Basingstoke to Wareham is 96 miles on the direct route via Southampton Central, but take a new summer Saturday “seaside special” and the distance becomes exactly 150 miles, while the journey time increases from around one hour 40 minutes on the main line to almost four hours!
Two years after previous franchisee South West Trains took the welcome and innovative step of launching a summer Saturday service from Basingstoke to Weymouth via Yeovil Junction and Yeovil Pen Mill – with bargain fares of £5.00 return from places in Dorset like Gillingham and Tisbury – South Western Railway has not only revived that service this year, but has gone one better. Continue reading “Slow Way Round (SWR) to Corfe Castle”
Serving rural northern suburbs of Salzburg is the charming Salzburger Lokalbahn (SLB), an electrified 37 km (23 mile) largely single track system that runs from the subterranean platforms 11 and 12 of the city’s Hauptbahnhof (main station).
Services are run in two sections, with the main S1 route operating the 25.6 kms (16 miles) from Hauptbahnhof to Lamprechtshausen, while a shuttle service (S11) connects with these services at Burmoos, two stops before Lamprechtshausen, and runs through very rural terrain to the northernmost terminus at Ostermiething.
The original Lamprechtshausen line opened in 1896, and had been fully electrified by 1950. Services were moved to new station platforms below Salzburg Hauptbanhof in 1996 and there are plans for a southern extension of the line. Continue reading “Salzburg’s scenic suburban railway”
For rugged scenery and a remarkable number of tunnels and bridges, few routes in Europe can compare with the magnificent 89km (56 mile) Bohinj Railway in western Slovenia, which stretches from the town of Jesenice, near the Austrian border and 64kms (40 miles) north-west of Ljubljana, to Nova Gorica on the border with Italy.
The Bohinj Railway forms part of what is known as the Transalpina route, a link between Central Europe and the Adriatic Sea at Trieste that was authorised by the Parliament in Vienna in 1901 and was built between 1902 and 1906. Its most impressive feature is the 6327m (4.2 mile) long Bohinj tunnel, opened by the heir to the Austro-Hungarian throne, Franz Ferdinand, in 1906. Continue reading “Slovenian steam spectacular”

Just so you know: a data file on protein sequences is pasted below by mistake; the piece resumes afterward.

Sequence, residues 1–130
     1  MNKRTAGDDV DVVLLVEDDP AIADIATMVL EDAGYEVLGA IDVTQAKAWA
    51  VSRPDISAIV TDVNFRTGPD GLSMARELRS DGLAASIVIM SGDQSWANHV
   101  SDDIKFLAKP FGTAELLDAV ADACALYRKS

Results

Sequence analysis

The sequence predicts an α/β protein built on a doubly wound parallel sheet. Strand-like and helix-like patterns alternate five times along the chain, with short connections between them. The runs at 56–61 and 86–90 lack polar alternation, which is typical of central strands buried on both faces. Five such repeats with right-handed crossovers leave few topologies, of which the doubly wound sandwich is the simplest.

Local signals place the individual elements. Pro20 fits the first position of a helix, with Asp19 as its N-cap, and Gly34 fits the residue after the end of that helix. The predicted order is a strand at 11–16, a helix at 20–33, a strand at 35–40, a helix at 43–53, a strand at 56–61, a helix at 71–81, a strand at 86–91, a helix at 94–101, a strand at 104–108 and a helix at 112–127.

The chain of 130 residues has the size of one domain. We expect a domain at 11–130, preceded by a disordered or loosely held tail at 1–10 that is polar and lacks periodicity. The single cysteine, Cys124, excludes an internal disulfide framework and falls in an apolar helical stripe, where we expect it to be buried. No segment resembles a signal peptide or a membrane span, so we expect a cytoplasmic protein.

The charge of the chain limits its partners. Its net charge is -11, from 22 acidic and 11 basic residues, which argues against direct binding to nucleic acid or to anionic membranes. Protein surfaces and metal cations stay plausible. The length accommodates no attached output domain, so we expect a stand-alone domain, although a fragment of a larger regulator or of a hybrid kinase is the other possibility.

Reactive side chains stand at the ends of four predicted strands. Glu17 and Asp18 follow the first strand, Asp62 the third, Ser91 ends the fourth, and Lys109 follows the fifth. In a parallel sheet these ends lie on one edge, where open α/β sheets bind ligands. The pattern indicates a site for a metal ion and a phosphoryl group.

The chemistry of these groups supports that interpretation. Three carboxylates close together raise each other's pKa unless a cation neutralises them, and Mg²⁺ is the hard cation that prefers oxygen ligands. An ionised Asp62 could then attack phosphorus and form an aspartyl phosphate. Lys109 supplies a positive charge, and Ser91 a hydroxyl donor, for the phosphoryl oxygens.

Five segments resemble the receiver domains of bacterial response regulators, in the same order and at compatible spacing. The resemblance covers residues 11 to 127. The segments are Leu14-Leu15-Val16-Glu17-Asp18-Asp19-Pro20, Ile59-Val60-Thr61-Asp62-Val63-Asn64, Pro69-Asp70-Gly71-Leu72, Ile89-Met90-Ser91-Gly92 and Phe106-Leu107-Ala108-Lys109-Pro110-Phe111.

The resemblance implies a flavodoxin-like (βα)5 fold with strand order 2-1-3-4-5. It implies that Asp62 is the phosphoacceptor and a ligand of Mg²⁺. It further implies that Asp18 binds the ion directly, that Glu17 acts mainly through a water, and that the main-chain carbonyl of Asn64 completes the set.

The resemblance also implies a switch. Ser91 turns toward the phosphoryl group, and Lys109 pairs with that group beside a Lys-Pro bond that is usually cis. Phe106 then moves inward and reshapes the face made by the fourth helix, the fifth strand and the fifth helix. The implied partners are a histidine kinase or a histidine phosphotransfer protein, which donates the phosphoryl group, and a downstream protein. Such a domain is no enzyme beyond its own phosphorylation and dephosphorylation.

Several locations on the national network can boast a mixture of upper and lower quadrant signals, but my shot today of a train passing successive upper and lower quadrant signals at Dorrington got me wondering if there are any other places where it is possible to see such a scene?
Places which mix upper and lower quadrant include Gobowen (pictured below) and Yeovil Pen Mill, where in each case the down signals are upper quadrant, while those controlling up trains are traditional GWR-style lower quadrant variety. Continue reading “Mixed signals at Dorrington”
Lower quadrant, Great Western-style signals survive at a number of locations on the national rail network, notably in Cornwall, the Worcester area and on the Marches Route between Shrewsbury and Abergavenny.
But for all that remains, which includes numerous fixed distant signals in the Worcester area such as HK5 pictured below, there is now only one working lower quadrant distant signal on the network. Continue reading “Britain’s last working lower quadrant distant signal”
Among the many railway revival schemes around the country, one of the most longstanding and compelling is the 31-mile long “Ivanhoe Line” linking Burton-upon-Trent and Leicester.
Despite closing to passengers in September 1964, it survived to serve the many collieries along its length and today remains a vital access by rail to the stone quarries at Bardon Hill, near Coalville.
British Rail had planned a revival of passenger services in the 1990s, but that fell by the wayside at privatisation, since when two separate consultancy firms have produced feasibility reports that have put a relatively modest cost on re-opening to passengers, but not forecast sufficient passenger traffic to make it viable. Continue reading “Two Leicestershire towns in need of a train service”
Finding new uses for redundant Signal boxes is often no easy matter. While some do find a new lease of life – cafes at York and Totnes being good examples – many other fine structures are simply boarded up and left unloved, where the years inevitably take their toll, or they eventually succumb to fire damage.
Happily that was not the case with the 1913-vintage Exeter West box, a fine wooden structure, with a 131-lever frame (only installed in 1959), that was made redundant by re-signalling in 1985.
It was painstakingly re-built at the Crewe Heritage Centre, after failing to find a home on the Severn Valley Railway, at Bristol Temple Meads and then at Swindon’s new STEAM museum, and was ceremonially re-opened almost exactly 25 years ago, on May Day 1993. Continue reading “Preserving Britain’s remarkable signalling heritage”